Long Answer: One of the main problems with fax machine line sharing devices (and all computers) is system failure. You may have experienced it on your PC when it "locks up" and you have to "reboot" your computer to get it going again. fax machine line sharing devices are basically small computers and the same thing happens only it sounds like you are not home (or answering your phone anyway) in other words the phone sounds like it's ringing to the caller but you hear nothing. To the calling party it just rings and rings. On your end, you hear nothing. Someone has to come by or call you on another line and say "hey why aren't you answering your phone?" and you say, "Oh! it's that cheap fax machine line sharing device again. Let me go turn it off and back on." It will work for a while but eventually it will happen again. Very frustrating and not very good for business.

Rest assured that this will never happen with any of our equipment. We invented "watchdog®" circuitry and other features so this would never happen. What "watchdog®" circuitry does, is constantly monitor your phone line. If there is ever a system failure (and eventually there always is) the box is smart enough to know it and reboots itself. It takes less than a second and your phones always work. This is only one example of some of the "extra features" we include to make our products truly "business quality." We know your business is worth it.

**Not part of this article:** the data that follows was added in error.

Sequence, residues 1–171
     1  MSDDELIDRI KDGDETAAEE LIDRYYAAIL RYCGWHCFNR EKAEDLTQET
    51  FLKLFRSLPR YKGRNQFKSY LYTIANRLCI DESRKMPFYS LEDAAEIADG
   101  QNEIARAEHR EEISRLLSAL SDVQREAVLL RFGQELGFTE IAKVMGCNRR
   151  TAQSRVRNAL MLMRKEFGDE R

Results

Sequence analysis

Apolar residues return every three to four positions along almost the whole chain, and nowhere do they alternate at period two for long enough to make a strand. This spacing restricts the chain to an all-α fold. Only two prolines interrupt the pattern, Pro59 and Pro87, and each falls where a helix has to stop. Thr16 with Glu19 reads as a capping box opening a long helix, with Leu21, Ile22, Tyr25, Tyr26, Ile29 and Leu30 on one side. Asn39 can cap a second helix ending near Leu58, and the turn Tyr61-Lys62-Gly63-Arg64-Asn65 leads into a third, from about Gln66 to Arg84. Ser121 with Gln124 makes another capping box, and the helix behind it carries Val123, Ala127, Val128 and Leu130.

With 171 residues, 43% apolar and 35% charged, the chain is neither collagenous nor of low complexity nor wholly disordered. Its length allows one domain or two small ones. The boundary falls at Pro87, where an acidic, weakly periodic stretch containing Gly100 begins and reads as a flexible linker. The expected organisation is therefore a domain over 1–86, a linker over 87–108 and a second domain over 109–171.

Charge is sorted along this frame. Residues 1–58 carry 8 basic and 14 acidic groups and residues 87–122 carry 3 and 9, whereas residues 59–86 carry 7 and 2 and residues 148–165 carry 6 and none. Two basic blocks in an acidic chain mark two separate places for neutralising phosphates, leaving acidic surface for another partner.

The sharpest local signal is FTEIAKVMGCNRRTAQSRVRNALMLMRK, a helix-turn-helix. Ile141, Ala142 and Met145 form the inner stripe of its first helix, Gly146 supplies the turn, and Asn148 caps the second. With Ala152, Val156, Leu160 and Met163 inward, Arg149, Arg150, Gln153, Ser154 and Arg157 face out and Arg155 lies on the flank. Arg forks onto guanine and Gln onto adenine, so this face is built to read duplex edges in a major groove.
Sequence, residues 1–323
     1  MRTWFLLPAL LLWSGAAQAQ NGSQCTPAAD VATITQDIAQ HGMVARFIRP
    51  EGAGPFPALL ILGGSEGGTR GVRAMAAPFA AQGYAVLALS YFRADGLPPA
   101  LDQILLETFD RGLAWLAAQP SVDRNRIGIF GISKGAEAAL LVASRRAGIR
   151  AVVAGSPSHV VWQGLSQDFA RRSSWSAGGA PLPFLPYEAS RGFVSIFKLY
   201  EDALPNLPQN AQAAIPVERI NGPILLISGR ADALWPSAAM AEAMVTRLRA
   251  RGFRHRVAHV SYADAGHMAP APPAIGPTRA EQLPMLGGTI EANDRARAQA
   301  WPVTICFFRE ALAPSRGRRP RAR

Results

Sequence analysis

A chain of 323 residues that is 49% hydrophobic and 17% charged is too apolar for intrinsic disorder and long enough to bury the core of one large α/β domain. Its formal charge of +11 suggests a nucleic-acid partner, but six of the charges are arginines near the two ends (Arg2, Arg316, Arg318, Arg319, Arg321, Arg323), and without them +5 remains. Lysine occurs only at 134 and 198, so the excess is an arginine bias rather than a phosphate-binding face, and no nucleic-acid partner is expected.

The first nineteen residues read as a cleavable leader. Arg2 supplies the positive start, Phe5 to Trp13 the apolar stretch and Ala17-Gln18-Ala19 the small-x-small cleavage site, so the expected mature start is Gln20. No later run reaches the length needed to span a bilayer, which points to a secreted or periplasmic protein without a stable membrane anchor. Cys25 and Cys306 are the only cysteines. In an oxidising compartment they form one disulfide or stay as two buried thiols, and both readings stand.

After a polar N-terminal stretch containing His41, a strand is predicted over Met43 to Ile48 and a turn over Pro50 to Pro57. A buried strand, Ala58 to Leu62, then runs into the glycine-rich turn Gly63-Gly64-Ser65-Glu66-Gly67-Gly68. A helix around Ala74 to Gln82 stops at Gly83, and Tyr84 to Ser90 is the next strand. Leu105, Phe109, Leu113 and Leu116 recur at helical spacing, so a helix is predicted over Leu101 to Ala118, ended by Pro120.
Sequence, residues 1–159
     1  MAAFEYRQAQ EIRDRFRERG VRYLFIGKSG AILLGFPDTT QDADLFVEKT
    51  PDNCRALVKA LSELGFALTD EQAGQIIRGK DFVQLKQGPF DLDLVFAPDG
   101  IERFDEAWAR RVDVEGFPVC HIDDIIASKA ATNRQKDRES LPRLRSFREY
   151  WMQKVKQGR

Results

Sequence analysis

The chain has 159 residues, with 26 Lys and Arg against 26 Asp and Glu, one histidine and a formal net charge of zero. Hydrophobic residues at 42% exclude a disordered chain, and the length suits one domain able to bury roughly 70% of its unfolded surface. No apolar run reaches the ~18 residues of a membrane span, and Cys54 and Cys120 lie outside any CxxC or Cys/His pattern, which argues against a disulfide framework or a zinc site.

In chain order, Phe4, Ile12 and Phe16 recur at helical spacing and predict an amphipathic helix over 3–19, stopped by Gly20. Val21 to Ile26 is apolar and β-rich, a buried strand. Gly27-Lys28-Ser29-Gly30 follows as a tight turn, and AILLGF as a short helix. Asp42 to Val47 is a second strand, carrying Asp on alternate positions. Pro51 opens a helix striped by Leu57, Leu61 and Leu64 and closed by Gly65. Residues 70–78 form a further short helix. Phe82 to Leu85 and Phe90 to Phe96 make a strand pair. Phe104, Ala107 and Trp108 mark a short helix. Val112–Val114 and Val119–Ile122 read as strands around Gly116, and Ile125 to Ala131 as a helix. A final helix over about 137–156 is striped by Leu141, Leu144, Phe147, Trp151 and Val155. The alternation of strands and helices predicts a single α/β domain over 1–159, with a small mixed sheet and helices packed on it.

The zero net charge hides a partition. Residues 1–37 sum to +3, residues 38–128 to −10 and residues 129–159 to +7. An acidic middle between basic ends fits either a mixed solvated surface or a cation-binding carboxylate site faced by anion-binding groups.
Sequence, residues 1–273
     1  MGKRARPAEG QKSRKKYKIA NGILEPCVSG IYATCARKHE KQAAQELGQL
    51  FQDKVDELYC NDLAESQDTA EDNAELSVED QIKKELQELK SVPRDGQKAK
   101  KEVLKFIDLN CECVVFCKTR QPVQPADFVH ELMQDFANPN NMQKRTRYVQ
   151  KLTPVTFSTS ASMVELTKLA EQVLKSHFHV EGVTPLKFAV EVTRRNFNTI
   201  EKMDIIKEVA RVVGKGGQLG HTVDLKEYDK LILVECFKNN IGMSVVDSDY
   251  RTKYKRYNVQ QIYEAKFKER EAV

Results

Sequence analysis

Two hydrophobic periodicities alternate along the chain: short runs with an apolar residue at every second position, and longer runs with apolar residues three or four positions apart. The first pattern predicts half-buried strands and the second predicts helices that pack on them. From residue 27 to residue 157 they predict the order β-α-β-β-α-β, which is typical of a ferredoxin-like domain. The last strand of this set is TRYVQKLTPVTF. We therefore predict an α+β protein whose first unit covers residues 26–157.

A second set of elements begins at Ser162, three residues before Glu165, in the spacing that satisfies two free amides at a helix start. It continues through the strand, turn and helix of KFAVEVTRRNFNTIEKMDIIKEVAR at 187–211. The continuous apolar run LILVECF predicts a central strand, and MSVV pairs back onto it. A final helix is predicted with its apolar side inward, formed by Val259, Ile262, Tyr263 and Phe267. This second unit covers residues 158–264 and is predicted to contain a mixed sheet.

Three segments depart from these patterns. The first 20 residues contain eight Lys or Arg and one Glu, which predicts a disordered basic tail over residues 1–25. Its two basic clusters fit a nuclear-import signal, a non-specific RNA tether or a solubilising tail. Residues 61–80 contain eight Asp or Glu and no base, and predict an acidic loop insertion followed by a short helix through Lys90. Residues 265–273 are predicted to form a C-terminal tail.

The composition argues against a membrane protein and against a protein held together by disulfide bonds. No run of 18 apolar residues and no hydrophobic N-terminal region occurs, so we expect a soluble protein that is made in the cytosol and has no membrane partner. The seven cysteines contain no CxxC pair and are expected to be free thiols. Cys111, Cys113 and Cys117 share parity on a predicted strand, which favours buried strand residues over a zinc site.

How much is a fax machine line sharing device worth to you?

What's it worth to your BOTTOM LINE to eliminate 1 phone line? Monthly Line Cost 1st Year Cost/Savings 3rd Year Cost/Savings 5th Year Cost/Savings 10th Year Cost/Savings $ 20.00 $ 240.00 $ 720.00 $ 1200.00 $ 2400.00 $ 30.00 $ 360.00 $ 1080.00 $ 1800.00 $ 3600.00 $ 40.00 $ 480.00 $ 1440.00 $ 2400.00 $ 4800.00 $ 50.00 $ 600.00 $ 1800.00 $ 3000.00 $ 6000.00 $ 60.00 $ 720.00 $ 2160.00 $ 3600.00 $ 7200.00


What's eliminating 2 phone lines worth to your BOTTOM LINE? Monthly Line Cost 1st Year Cost/Savings 3rd Year Cost/Savings 5th Year Cost/Savings 10th Year Cost/Savings $ 20.00 $ 480.00 $ 1440.00 $ 2400.00 $ 4800.00 $ 30.00 $ 720.00 $ 2160.00 $ 3600.00 $ 7200.00 $ 40.00 $ 960.00 $ 2880.00 $ 4800.00 $ 9600.00 $ 50.00 $ 1200.00 $ 3600.00 $ 6000.00 $ 12000.00 $ 60.00 $ 1440.00 $ 4320.00 $ 7200.00 $ 14400.00

Need Help choosing a fax machine line sharing device?

All products are made in the USA.

We take all major credit cards

Call toll free (866) 337-0965 with your questions or to order by phone.

fax machine line sharing device